Putin’s Rubles for Gas Demand Ensures “Unfriendly Countries” Prop Up Russian Economy
Russian President Vladimir Putin announced on March 23 that natural gas payments from so-called unfriendly countries will be made in rubles from now on. He stressed however that Russia will continue to supply gas to other countries according to the volume and price specified in previously signed contracts. With Western countries making it difficult for Russia to trade in dollars, euros and pounds, there was no choice left but for gas trade to be conducted in rubles – which will not only ultimately benefit Russia in the long run, but also China.
By selling gas, oil and other products in rubles, it limits, or perhaps even entirely rules out the freezing of Gazprom’s accounts, thus protecting this money from Western sanctions. But to attain rubles to make payments to begin with, so-called unfriendly countries will need to sell foreign currency on the stock exchange. In this way, Russia’s revenue will not only be directly from Gazprom, but also from the Russian foreign exchange market. It is hoped that such a measure will lead to a demand in rubles, thus supporting the Russian monetary system.
The biggest issue Russia faces is whether Europe will instead buy energy from elsewhere, even at a higher price. None-the-less, it does express Moscow’s intentions to reciprocate and respond to economic provocations made by the West, especially as it is very likely that this payment policy will lead to an increase in the price of gas in the European market.
In response to Russia’s military campaign in Ukraine, Western countries have announced large-scale sanctions against the country, mainly in the banking sector and the supply of high-tech products. Moscow calls these measures an economic war and listed 48 countries including the US, Canada, EU member states, the UK, Ukraine, Japan, South Korea, Australia and Singapore as “unfriendly countries.”
In 2021, these hostile countries paid roughly $69 billion for gas from Gazprom, the Russian state-owned company. To make a similar scale of payments this year, countries will have to procure around 6-7 trillion rubles. As Quartz explained, as yet,
“most of these ‘hostile nations’ buying Russian energy have few options but to continue their purchases. If the demand for rubles steadily increases as a result, the drastic fall in the currency’s value will halt and even reverse. After Putin made his announcement, the ruble gained 7% against the dollar.”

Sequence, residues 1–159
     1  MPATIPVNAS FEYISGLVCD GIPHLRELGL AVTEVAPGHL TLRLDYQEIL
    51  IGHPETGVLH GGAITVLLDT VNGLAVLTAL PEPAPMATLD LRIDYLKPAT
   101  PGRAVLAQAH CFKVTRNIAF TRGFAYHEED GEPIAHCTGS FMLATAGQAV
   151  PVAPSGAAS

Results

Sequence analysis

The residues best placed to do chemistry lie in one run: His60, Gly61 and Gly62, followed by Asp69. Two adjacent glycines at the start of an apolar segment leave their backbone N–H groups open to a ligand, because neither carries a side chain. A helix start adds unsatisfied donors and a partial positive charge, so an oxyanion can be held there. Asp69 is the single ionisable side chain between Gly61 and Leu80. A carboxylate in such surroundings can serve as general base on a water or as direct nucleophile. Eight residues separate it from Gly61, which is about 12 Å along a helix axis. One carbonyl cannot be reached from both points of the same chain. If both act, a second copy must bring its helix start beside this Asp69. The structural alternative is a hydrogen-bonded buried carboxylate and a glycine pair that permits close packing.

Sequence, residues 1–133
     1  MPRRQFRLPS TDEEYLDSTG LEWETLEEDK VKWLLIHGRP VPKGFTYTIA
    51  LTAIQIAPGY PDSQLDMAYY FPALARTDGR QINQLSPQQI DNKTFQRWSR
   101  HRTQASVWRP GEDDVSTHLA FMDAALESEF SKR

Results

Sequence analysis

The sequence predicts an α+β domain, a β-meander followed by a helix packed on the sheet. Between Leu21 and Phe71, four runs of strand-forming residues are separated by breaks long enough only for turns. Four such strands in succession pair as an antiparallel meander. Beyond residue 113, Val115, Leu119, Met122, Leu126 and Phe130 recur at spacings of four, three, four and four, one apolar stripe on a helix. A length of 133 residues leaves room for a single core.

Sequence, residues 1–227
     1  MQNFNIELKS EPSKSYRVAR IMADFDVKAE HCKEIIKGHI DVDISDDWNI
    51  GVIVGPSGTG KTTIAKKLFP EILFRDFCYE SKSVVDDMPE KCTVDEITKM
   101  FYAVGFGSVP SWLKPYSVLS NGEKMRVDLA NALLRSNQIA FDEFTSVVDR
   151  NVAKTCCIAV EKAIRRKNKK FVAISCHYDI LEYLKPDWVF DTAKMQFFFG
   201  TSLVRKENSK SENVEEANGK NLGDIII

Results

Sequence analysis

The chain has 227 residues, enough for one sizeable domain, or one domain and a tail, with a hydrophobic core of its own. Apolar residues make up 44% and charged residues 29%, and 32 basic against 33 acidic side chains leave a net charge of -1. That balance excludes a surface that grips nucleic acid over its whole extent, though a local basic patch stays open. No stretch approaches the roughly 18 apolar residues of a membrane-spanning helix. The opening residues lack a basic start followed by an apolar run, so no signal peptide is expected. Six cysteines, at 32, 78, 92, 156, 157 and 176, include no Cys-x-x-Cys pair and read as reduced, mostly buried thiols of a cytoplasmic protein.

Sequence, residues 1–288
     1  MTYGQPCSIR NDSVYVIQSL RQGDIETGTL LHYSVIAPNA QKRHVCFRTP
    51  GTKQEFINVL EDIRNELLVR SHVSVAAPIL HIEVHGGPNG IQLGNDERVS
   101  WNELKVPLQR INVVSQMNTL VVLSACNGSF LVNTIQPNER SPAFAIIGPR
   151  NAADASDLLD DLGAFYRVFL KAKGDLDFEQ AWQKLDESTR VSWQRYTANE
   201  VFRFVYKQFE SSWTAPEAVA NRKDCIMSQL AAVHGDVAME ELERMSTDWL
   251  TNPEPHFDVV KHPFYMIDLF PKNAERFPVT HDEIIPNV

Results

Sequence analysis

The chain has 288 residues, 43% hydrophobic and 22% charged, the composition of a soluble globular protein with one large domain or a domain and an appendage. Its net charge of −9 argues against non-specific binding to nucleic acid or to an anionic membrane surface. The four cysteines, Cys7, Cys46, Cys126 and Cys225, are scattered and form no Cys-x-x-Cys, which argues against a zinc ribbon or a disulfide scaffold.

The outlet also explained that
“if Western governments pursue these avenues, the Central Bank of Russia doesn’t have to spend its own dollars and euro reserves to prop up the ruble—which is just as well, since more than half of Russia’s foreign reserves have been frozen by sanctions.”
German experts have already said that technically, paying in rubles is possible but takes time to create some additional mechanisms to facilitate the attainment and payment of rubles. However, the decision of EU countries will not only depend on the technical aspects.
US President Joe Biden will most likely continue to persuade the EU to give up Russian energy sources, even though this is practically impossible despite the American assurances. However, with Europe unable to realistically cut itself from Russian energy in the short and medium term, the American suggestion will only lead to a weakened European economy as they will inevitably pay exorbitant prices for alternative energy sources.
Goldman Sachs chief economist Jan Hatzius has warned, according to FT, that a European ban on Russian energy imports would cause a 2.2% hit to production and trigger a eurozone recession. In addition, UK chancellor Rishi Sunak has been telling colleagues that the hit would be larger and would quickly cause a downturn worth £70 billion, or 3%, of gross domestic product in the UK, given its still-close ties to the continental European economy.
This comes as Russia announced that it will diversify its oil and gas supplies if Western countries completely refuse to import. In preparation for this, Russian companies have been developing new logistics plans. Although Russia will undoubtedly earn less, it will be able to rebuild the oil industry and the wider economy to not be so heavily hinged on the West.
In this way, it will not only be the ruble that benefits, but also the Chinese yuan. After the West froze Russia’s gold and foreign exchange reserves, many experts saw the Chinese yuan as an alternative to the dollar. China’s currency correlates with the dollar exchange rate at 97%, meaning that if the dollar rises against the ruble, then the yuan will also rise. Effectively this means that the yuan is currently almost a full replacement for the dollar.
As Quartz explained, the US and the EU may then have to run ruble exchange payments through a third, intermediary currency such as the yuan. Effectively, the Russian demand for rubles for oil and gas will stabilize the Russian currency whilst also propping up the yuan, thus weakening sanctions.
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